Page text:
going to the people!
         a. We can't be fishers of men by fishing in a barrel; if the
            fish won't come to the barrel, then we must go where the
            fish are!
         b. The problem with sowing the seed is not that there is not
            good ground to be found, but that the seed is still in the
            barn! - cf. Hag 2:19

      1. Yes, we must be separate - 2Co 6:14-18
      2. But this does not mean we are to isolate ourselves
         a. Note the prayer of Christ - Jn 17:15
         b. Note the command of Paul - 1Co 5:9-11
      3. Withdrawing ourselves from those who have not heard or obeyed
         the gospel in contrary to the will of the Lord!

      1. At school with fellow students
         a. Don't think you are too young to be involved in leading
            others to Christ
         b. Young Christians often possess the greatest opportunities to
            teach others
         c. How you serve now will likely be an indication of how you
            will serve later in life
      2. At work with fellow employees or employers
         a. We spend much of our life with these people
         b. We have the greatest potential to influence them, especially
            by example
      3. At home with neighbors, friends, and family
         a. Do we even know our neighbors?
         b. Those closest to us can be difficult sometimes, but are
            reachable - e.g., Mt 13:54-58; Jn 7:5; Ac 1:14

[Remember, Jesus said "Go into all the world..." (Mk 16:15).  We must go
where the people are!  Another principle we can glean from Jesus'
conversation with the woman is...]


      1. Note Jesus' first words to the woman - Jn 4:7-8
         a. She had come to draw water
         b. He was thirsty
         c. His first words centered around their common interest
      2. Realize the need to build rapport
         a. Meaningful dialogue is not easy, especially involving
            spiritual matters
         b. A common interest allows opportunity for meaningful dialogue
         c. Once a bridge for communication has been established, it
            will be easier to discuss God's word with another person

      1. They include family (such as children, grandchildren)
      2. They include activities (such as work, community projects,
      3. They include shared experiences (such as travel, or even

[Don't feel that you must immediately begin talking about spiritual
matters.  Take time to nurture common interests.  Yet at some point we
want to reach the next stage, which leads to our third principle...]


      1. The example of Jesus - Jn 4:9
         a. As a man He speaks to her, a woman
         b. As a rabbi He speaks to her, an immoral woman
         c. As a Jew He speaks to her, a Samaritan
         -- He aroused interest by simply speaking to her
      2. Regarding our actions
         a. We can arouse spiritual interest by our example
         b. By showing kindness and compassion to all, even the evil and
         c. By not harboring racial or social prejudices to those who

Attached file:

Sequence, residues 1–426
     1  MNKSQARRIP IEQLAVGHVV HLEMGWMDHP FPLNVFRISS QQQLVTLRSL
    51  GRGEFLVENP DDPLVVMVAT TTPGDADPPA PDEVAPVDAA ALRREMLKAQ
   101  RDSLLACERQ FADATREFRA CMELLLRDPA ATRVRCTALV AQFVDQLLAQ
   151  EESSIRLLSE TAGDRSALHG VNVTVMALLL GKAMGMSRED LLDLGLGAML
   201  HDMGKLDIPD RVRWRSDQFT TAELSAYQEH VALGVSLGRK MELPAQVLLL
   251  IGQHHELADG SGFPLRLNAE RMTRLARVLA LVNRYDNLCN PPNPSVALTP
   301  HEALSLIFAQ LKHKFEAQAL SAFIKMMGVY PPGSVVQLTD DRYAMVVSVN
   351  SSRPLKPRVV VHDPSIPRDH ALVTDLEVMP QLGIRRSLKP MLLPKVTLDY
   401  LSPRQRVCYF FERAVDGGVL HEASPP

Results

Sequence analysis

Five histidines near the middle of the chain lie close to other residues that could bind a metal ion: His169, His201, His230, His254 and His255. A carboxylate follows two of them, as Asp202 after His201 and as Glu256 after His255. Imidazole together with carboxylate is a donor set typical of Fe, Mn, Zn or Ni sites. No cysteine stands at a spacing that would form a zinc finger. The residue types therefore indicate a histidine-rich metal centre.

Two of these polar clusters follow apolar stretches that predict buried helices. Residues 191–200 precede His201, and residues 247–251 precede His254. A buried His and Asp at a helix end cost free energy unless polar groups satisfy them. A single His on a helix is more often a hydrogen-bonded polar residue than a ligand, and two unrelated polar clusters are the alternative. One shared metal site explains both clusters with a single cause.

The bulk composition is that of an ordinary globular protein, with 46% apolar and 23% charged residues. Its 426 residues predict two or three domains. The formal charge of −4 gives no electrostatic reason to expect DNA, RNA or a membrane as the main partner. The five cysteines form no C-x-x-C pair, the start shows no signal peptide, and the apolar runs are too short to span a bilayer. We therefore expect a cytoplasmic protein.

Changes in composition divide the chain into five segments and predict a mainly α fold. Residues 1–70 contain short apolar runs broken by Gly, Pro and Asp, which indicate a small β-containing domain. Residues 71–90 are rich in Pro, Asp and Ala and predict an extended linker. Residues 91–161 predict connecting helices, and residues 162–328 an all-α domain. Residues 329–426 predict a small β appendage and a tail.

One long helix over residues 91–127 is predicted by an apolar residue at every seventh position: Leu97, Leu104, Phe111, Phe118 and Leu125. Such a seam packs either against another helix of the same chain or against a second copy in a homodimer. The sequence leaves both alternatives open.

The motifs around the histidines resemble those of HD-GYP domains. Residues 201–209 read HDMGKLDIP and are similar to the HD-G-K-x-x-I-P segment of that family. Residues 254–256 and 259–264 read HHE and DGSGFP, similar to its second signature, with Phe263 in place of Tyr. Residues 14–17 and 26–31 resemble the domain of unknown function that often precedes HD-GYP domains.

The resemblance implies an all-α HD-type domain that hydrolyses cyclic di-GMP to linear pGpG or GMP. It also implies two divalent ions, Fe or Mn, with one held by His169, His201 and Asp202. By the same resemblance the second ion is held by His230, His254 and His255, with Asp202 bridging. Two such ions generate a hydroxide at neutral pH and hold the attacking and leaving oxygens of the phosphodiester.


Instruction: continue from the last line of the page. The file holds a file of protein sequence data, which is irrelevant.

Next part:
are different
         d. By our own example of faith and hope - e.g., 1Pe 3:1-2,15

      1. The example of Jesus - Jn 4:10-14
         a. Jesus' statement shifted their conversation to spiritual
         b. He led them into a discussion on a common spiritual interest
            (living water!)
      2. Regarding our words
         a. We can raise questions or make statements that shift
            conversations to spiritual matters
            1) E.g., "What do you think our world is in such a mess?"
            2) E.g., "Would you be interested in what the Bible says
         b. The discussion should first involve matters of common
            1) Start with things upon which you agree, to build rapport
               and instill confidence
            2) This was the practice of apostolic preaching - e.g., Ac 13:16-22

[Once spiritual interest has been aroused, another principle can be
gleaned from Jesus' conversation with the Samaritan woman...]


      1. Note Jesus' discussion with the woman - Jn 4:15-16
         a. She wanted the "living water", but did she really
         b. Jesus saw the need to slow her down and provide the proper
            ground work
            1) She needed faith in Him as the Messiah
            2) He needed to provide evidence that He was the Messiah
         c. So instead of giving her the "living water"...
            1) He tells her to get her husband
            2) Which will result in her conviction of Him as a prophet
      2. Sometimes people don't realize what they need first
         a. They'll want to talk about a particular subject
         b. But they really need something else first

      1. Some want to study Revelation, when they need to be grounded on
         the rest of the Bible first
      2. Some want to discuss issues related to church organization,
         work, worship, etc., when they ought to focus on the "first
         principles" of the gospel
      3. It is important that a person not choke on the "meat" of the
         Word - cf. 1Co 3:1-2

[There is another principle of evangelism that takes into consideration
the need of the prospect...]


      1. He could have dwelt on her being an adulteress - Jn 4:17-18